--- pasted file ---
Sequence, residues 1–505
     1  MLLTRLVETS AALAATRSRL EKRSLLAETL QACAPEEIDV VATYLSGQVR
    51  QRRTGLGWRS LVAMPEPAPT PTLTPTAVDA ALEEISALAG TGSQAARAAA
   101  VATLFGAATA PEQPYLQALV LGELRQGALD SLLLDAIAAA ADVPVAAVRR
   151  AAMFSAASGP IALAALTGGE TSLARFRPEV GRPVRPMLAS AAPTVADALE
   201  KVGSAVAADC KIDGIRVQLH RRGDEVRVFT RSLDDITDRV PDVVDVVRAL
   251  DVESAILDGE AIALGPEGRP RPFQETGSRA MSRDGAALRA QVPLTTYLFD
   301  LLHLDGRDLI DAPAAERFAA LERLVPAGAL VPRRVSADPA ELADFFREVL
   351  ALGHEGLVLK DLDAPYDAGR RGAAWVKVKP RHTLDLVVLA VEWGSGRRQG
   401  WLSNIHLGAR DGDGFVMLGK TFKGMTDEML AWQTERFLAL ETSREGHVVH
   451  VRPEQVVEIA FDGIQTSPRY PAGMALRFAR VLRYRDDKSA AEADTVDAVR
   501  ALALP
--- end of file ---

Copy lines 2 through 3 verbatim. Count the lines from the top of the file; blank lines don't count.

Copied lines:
     1  MLLTRLVETS AALAATRSRL EKRSLLAETL QACAPEEIDV VATYLSGQVR
    51  QRRTGLGWRS LVAMPEPAPT PTLTPTAVDA ALEEISALAG TGSQAARAAA